Descripción:Displaying pistols and explosives four hijackers demanded the aircraft be diverted to Tegucigalpa, Honduras.
|Fecha:||miércoles 28 abril 1982|
|Tipo:||de Havilland Canada DHC-7-102|
|Operador:||ANHSA - Aerovias Nacionales de Honduras|
|Numéro de série:|| 024|
|Año de Construcción:|| 1980|
|Motores:|| 4 Pratt & Whitney Canada PT6A-50|
|Tripulación:||Fatalidades: 0 / Ocupantes: |
|Pasajeros:||Fatalidades: 0 / Ocupantes: |
|Total:||Fatalidades: 0 / Ocupantes: |
|Daños en la Aeronave:|| Ninguno|
|Ubicación:||Havana-José Martí International Airport (HAV) (Cuba)
|Fase:|| En ruta (ENR)|
|Naturaleza:||Vuelo Doméstico Programado|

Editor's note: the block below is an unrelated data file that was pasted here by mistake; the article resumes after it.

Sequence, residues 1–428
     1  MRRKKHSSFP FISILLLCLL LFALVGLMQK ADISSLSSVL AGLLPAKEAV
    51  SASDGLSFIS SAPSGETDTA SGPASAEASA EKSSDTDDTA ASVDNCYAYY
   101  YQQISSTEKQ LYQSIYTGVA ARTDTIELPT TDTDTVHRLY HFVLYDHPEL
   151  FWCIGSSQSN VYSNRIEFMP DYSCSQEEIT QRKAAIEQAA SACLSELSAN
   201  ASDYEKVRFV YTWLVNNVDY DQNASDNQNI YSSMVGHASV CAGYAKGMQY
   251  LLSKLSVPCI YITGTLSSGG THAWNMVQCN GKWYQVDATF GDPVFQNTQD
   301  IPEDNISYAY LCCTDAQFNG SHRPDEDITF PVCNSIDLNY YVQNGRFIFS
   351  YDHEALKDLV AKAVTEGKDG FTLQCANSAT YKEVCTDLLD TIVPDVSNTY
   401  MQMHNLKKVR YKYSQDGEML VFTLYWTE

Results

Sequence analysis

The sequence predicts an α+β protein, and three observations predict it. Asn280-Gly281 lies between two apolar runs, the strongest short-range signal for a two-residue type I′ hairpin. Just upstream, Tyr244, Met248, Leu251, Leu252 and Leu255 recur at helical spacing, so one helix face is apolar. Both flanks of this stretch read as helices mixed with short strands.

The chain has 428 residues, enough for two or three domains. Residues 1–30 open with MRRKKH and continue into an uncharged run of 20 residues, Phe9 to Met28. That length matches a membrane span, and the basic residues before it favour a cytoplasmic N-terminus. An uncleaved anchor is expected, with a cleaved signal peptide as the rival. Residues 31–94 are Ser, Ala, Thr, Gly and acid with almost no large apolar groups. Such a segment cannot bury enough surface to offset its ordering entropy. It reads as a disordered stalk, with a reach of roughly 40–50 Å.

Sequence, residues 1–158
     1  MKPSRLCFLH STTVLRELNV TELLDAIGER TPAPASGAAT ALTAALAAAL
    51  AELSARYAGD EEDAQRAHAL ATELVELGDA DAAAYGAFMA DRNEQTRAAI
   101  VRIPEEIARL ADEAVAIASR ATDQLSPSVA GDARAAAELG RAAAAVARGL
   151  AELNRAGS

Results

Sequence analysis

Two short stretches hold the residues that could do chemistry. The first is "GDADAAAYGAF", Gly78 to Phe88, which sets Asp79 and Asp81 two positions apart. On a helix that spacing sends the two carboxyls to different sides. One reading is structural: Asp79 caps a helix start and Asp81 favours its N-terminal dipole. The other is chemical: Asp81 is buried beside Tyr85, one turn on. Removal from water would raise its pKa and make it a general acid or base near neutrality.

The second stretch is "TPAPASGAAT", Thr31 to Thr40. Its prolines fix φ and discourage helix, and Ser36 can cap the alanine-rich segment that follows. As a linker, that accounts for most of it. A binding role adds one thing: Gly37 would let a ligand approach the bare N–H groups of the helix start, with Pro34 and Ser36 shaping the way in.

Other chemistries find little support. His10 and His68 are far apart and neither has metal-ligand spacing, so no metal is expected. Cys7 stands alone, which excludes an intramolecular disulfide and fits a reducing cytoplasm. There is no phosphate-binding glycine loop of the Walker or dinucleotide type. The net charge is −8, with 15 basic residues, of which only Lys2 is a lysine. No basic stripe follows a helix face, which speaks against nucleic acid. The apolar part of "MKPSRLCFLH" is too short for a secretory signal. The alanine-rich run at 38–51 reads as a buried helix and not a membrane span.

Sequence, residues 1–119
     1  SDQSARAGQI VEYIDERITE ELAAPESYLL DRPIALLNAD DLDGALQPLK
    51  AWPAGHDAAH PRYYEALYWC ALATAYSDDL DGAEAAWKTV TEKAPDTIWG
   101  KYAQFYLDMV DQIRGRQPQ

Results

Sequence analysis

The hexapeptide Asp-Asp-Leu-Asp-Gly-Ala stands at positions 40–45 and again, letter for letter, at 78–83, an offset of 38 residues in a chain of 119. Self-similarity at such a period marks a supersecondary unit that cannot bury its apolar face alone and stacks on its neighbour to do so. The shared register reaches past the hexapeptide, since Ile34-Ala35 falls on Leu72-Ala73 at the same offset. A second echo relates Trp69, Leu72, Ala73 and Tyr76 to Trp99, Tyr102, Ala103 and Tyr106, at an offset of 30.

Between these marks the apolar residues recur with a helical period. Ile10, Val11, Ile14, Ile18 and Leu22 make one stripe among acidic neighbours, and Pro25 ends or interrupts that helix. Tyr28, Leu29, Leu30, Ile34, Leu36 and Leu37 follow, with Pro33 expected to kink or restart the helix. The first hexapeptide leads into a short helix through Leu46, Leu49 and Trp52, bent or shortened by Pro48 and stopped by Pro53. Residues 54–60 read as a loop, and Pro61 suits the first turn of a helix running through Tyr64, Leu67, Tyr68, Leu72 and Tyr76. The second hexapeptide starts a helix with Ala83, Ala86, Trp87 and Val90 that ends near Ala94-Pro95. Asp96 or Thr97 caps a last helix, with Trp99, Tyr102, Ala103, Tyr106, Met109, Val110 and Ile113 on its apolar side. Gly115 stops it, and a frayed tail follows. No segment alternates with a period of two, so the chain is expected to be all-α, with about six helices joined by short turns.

|Aeropuerto de Salida:||La Ceiba-Goloson International Airport (LCE/MHLC), Honduras|
|Aeropuerto de Llegada:||San Pedro Sula Airport (SAP/MHLM), Honduras|
After landing 13 women and 1 child were released. The hijackers, who claimed to be members of a group opposed to the present Honduran government, demanded release of 86 prisoners, 1 million lempiras ($500,000), publication of a political statement, and fuel for the aircraft. During negotiations several other passengers were released and Honduras officials agreed to refuel the aircraft and allow it to depart when all hostages were released. Early on May 1, ten hostages escaped. Two were injured in the escape.
Later on May 1, all remaining hostages were released, the hijackers then transferred to a Lockheed L-188 Electra aircraft and were flown to Havana, Cuba where they surrendered to Cuban authorities.
This information is not presented as the Flight Safety Foundation or the Aviation Safety Network’s opinion as to the cause of the accident. It is preliminary and is based on the facts as they are known at this time.